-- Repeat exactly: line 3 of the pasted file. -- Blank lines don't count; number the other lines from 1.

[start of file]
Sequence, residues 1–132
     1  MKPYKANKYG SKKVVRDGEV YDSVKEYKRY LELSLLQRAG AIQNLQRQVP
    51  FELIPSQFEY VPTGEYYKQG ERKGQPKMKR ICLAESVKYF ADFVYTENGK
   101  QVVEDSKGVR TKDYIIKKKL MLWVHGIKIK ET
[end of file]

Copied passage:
    51  FELIPSQFEY VPTGEYYKQG ERKGQPKMKR ICLAESVKYF ADFVYTENGK